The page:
Saturday, November 26, 2022

Veteran Miami DEA agents charged with conspiracy to bribe

A current US Drug Enforcement Administration agent and a former supervisor at the agency were charged Friday with leaking confidential law enforcement information to defense attorneys in Florida in exchange for cash and gifts.

A five-count bribery-conspiracy indictment was uncovered in New York that accuses the agent, John Costanzo Jr., of accepting bribes to provide sensitive information about pending investigations to former Miami supervisor Manny Racio, who Retired from DEA more than two years ago. As a private investigator for local defense attorneys. Federal prosecutors allege that Racio sought information to help recruit new clients.

Manhattan U.S. Attorney Damian Williams said in a statement, “The conduct alleged in the indictment violates the core duty of law enforcement officers to protect and protect the public, rather than using access to sensitive information to enrich themselves.” serves.”

Counsel for the DEA and Recio did not immediately respond to requests for comment.

Costanzo’s attorney, Mark L. Mukasi said in an email that “the principle of this case is misguided and will be upheld.”

In interviews with FBI agents in 2019, both Costanzo and Recio denied any exchange of value as part of the alleged scheme. Such actions would have been a gross violation of the DEA’s standards of conduct.

The allegations are the latest black eye for the DEA, which has been beset by repeated misconduct scandals that put a growing list of former agents behind bars. Just last week, another former DEA agent in Arkansas was sentenced to more than 11 years in prison for receiving a bribe of thousands of dollars from a drug trafficker.

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The latest allegations have sent chills through South Florida’s fiercely competitive narco-defense circles, due to Racio’s strong ties to federal law enforcement and private-sector attorneys.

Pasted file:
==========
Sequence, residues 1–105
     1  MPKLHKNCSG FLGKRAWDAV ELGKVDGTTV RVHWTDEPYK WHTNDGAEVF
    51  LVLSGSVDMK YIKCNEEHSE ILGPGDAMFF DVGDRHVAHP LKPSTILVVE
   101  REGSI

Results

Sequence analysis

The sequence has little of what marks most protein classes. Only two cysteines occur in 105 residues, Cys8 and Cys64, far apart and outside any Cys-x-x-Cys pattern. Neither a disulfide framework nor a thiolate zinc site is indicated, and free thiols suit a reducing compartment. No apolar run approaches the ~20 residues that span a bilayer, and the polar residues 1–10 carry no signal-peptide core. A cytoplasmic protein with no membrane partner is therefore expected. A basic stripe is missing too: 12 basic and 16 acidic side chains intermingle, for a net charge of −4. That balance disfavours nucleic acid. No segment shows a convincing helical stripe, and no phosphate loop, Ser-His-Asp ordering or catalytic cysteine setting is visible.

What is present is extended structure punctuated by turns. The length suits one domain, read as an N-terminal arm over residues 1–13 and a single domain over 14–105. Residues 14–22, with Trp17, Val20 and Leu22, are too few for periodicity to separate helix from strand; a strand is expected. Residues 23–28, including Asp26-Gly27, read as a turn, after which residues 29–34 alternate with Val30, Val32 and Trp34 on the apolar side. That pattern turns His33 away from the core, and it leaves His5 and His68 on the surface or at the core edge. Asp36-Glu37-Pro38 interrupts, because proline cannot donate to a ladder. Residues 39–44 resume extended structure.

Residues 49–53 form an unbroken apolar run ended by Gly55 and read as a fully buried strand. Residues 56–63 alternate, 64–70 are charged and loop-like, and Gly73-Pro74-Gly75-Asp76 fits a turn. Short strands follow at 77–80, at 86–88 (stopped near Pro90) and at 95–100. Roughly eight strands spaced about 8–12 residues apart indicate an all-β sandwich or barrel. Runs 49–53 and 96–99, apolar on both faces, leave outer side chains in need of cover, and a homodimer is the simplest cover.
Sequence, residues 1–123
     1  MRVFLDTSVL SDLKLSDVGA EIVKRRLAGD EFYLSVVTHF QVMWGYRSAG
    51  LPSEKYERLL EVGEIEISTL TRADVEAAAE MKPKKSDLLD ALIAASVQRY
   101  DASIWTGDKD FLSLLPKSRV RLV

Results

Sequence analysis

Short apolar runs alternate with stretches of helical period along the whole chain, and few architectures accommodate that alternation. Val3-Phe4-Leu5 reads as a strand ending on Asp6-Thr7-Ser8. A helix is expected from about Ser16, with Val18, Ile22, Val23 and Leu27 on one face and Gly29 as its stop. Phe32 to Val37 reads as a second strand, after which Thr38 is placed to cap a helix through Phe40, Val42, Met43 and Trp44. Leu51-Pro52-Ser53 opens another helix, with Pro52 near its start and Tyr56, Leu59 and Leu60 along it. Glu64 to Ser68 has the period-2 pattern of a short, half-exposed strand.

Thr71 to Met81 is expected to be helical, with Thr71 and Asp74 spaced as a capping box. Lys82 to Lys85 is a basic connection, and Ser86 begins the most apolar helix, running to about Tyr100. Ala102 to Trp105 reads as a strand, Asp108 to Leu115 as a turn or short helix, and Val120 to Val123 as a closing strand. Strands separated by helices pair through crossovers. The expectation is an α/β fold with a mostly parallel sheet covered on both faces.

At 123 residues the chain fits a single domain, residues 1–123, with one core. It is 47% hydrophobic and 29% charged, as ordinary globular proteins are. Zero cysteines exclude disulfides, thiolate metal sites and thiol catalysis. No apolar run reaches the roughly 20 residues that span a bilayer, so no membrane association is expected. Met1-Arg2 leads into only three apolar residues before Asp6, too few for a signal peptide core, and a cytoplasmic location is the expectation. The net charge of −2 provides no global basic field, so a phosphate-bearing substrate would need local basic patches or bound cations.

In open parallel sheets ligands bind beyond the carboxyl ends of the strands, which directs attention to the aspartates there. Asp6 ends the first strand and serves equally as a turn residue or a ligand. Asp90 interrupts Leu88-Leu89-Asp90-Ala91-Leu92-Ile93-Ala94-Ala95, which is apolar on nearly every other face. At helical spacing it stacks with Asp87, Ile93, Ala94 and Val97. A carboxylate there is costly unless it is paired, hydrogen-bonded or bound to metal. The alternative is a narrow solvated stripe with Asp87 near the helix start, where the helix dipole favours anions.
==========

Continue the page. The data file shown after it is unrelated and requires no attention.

The allegations stemmed from a long-running federal investigation by the FBI and the US Attorney’s Office for the Southern District of New York, which took the unusual step of wiretapping more than two years ago Resio as part of an investigation into the flow of information between the DEA and Miami attorneys representing Colombian drug traffickers and money-launderers.

The FBI wiretapped Racio for at least three months while he worked as a private investigator for defense attorneys in his post-retirement job.

As part of the dubious transaction, he once wrote a $2,500 check to a company co-owned by an unnamed member of Costanzo’s family, according to court documents. According to an email exchange between a DEA agent and an unnamed defense attorney Racio about the vehicle, acting as a private investigator, it appears the payment was used by Costanzo to repair Porsche.

In 2019, a member of the same family received $50,000 from a company owned by a local Florida police detective. According to the indictment, the money was used by Costanzo to make a down payment on a condominium.

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Racio’s defense attorney Phil Reizenstein previously told the Associated Press that Raccio’s work on the cases was “impeccable.”

“I’m not worried that he did anything that was close to being illegal,” he said at the time. “He dedicated his career to the DEA. He has held himself to the highest standards and uniform law-abiding ideals in his personal work.”

Recio ended his more than two decades with the DEA as assistant special agent in charge of the DEA’s Miami Field Division, specializing in cases involving illegal finance. Shortly after retiring, he started a Miami-based business called Global Legal Consulting, which provides private investigations, money laundering solutions and other legal services, according to its website.

Recio once oversaw a highly sensitive money laundering investigation that involved Jose Irrizarri, a former standout DEA agent in a Miami office who was sentenced in December to more than 12 years in federal prison. For plotting money laundering with the Colombian Cartel and using the badges to create a lavish lifestyle of parties on expensive cars, yachts and Tiffany jewelry. Prior to the closure, Irizarri blamed the DEA for promoting corruption and a culture of gift-taking, which he said dismayed him for the implications of violating the law.


Goodman reported from Cleveland, Mustian reported from New Orleans.


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